Reading Review: School Stinks

Stop Stealing Dreams by Seth Godin

Seth Godin has written a ton of books and manifestos and eBooks and blog posts and probably a bunch of other stuff too. I’ve heard his name all over the place but this was his first writing that I’d read.

Apparently, Godin feels quite strongly that our nations public school system as a whole is broken. But…there’s really not a good way to fix it. Basically, Godin says that our education system was built and designed as a way to churn out factory workers. When public school was started, we wanted to teach kids what they needed to know to be better factory employees – mostly to follow instructions, stand in line, sit still and do as told. The “three r’s” were central to all learning because they were necessary skills for the majority of employees at the time.

And now? We don’t really need everyone to be a factory worker. We need artists and musicians and entrepreneurs. We need leaders, not a bunch of people obeying rules and following directions. The problem is that you can’t change an entity as old and vast as our public school system without lots and lots and lots of effort from lots and lots and lots of people over lots and lots and lots of years. Anyone who picked up the torch now would likely not live to see the end of the battle, so to speak. And those most passionate about the education system – parents of children currently or soon to be in school – would not see benefits of any changes until long after their children graduate.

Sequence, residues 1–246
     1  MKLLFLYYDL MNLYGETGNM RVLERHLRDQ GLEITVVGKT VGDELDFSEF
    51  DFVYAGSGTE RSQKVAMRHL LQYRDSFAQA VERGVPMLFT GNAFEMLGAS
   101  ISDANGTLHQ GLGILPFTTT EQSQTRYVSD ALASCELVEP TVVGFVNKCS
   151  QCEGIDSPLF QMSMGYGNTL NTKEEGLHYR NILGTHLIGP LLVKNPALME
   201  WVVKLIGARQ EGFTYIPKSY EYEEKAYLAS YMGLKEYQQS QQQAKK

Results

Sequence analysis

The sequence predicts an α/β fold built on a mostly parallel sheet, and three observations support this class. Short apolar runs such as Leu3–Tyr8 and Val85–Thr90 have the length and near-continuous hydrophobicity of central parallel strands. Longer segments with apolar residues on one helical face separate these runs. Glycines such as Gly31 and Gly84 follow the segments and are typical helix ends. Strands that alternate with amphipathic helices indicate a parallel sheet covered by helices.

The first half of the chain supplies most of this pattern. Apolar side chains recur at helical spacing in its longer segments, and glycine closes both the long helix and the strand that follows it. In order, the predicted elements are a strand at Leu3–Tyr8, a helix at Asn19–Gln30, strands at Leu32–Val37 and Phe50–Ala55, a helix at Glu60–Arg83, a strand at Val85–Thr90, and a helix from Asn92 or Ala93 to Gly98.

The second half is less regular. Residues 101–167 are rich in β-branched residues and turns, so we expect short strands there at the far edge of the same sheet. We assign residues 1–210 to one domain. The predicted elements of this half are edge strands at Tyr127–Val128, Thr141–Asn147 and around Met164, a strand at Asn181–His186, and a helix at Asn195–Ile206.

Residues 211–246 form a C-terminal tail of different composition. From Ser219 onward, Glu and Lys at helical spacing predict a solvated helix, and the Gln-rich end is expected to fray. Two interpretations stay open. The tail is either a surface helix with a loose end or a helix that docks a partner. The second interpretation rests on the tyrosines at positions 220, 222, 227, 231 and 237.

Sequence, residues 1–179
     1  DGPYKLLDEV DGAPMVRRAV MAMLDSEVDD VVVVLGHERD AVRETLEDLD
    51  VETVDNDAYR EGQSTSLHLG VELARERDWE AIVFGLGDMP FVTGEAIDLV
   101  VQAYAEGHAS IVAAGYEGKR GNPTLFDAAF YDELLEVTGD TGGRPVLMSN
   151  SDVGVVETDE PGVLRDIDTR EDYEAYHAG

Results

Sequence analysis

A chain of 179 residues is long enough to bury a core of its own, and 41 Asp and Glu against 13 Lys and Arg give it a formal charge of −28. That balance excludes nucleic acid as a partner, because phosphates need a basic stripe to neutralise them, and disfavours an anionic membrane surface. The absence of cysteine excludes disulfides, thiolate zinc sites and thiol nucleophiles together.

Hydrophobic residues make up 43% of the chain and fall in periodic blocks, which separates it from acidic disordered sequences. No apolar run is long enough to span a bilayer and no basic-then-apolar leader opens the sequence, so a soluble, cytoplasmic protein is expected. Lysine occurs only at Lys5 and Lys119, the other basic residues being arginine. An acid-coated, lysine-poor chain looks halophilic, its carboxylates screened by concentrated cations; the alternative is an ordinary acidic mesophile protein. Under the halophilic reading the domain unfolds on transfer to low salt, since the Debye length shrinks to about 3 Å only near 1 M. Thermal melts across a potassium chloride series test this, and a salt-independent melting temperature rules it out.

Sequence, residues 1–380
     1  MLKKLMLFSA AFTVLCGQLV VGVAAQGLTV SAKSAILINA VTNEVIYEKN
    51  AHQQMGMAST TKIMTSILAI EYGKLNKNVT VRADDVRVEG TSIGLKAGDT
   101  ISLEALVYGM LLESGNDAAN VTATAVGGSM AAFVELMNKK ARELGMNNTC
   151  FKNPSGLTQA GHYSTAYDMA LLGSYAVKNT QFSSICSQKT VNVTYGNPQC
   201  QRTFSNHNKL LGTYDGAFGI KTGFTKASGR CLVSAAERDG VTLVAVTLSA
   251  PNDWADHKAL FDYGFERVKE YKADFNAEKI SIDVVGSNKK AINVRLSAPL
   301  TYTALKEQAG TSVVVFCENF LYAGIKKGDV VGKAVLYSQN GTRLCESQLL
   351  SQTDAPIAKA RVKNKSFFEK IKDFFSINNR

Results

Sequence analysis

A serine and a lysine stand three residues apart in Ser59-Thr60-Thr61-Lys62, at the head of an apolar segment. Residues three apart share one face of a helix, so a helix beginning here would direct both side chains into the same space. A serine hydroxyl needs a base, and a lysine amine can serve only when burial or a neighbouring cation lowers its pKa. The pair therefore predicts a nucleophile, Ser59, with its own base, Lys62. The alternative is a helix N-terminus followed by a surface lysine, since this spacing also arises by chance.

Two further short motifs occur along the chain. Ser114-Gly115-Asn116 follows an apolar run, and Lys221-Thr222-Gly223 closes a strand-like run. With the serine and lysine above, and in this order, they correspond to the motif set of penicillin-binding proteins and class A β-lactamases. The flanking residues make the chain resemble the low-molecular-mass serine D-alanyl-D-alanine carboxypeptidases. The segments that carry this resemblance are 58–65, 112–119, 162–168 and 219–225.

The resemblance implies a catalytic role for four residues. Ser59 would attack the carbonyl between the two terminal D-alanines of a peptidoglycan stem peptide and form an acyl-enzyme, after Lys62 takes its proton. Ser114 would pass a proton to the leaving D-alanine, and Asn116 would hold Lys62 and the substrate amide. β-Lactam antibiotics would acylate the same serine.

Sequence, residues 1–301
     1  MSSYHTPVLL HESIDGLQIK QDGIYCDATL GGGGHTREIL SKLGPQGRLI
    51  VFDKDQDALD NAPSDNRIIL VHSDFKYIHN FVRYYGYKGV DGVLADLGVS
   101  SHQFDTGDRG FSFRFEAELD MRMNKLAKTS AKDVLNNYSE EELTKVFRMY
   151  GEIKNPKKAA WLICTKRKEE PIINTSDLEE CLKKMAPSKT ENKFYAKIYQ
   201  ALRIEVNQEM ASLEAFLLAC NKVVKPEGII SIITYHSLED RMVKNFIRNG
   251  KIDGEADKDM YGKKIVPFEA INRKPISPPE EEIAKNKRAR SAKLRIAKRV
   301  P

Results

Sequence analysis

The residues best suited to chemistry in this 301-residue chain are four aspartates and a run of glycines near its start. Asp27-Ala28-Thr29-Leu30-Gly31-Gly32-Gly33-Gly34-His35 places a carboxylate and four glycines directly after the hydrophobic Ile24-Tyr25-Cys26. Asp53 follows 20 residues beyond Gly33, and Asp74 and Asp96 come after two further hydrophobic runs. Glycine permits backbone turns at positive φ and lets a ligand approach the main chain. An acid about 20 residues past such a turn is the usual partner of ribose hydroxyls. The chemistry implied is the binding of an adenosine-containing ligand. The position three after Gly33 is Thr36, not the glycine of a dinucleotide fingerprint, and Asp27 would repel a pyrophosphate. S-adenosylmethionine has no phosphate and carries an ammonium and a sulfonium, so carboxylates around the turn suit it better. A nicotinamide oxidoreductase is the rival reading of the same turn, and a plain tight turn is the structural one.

So, it’s not an easy cause. But whether you agree with him or not, Godin presents some very interesting information. And, while he doesn’t really give an easy solution, anyone with any interest in our nation’s school system (teachers, parents, future parents, employers, future employers, conscientious citizens) should give this book a read.

And, hey, it’s a free download.

What are you reading this summer?

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4 responses to “Reading Review: School Stinks

  1. Jim Woods (@unknownjim) July 2, 2012 at 12:05 PM

    I enjoyed the book but it easily could have been 20% as long as it was. I find that schools do not remotely focus on the individuals but rather the masses. By it’s very nature it’s kind of a bad concept to have a one size fits all approach to education.

  2. Nathan July 3, 2012 at 11:53 AM

    Having not read the book i feel stupid commenting but the question i was left with from your blog post is “How have we managed to produce great leaders, artists, musicians, and entrepreneurs so far?” I don’t feel we are lacking in those areas. Public schools have their issues but they’ve put out some quality folks throughout history.

    • Chrystal July 3, 2012 at 1:12 PM

      I don’t know that I really have an answer Nathan. I will say that the author doesn’t just address Public school. He’s not a huge fan of private or home schools either. Godin would say that those great leaders, etc. became such in spite of school rather than because of it. There are always exceptions to the rule – just as there are great teachers and great schools even in a system that is flawed. I don’t necessarily agree with everything he says, but these are the kinds of questions he was trying to bring to light. It’s an interesting book in that it makes you think rather than just accepting what is because it’s always been.

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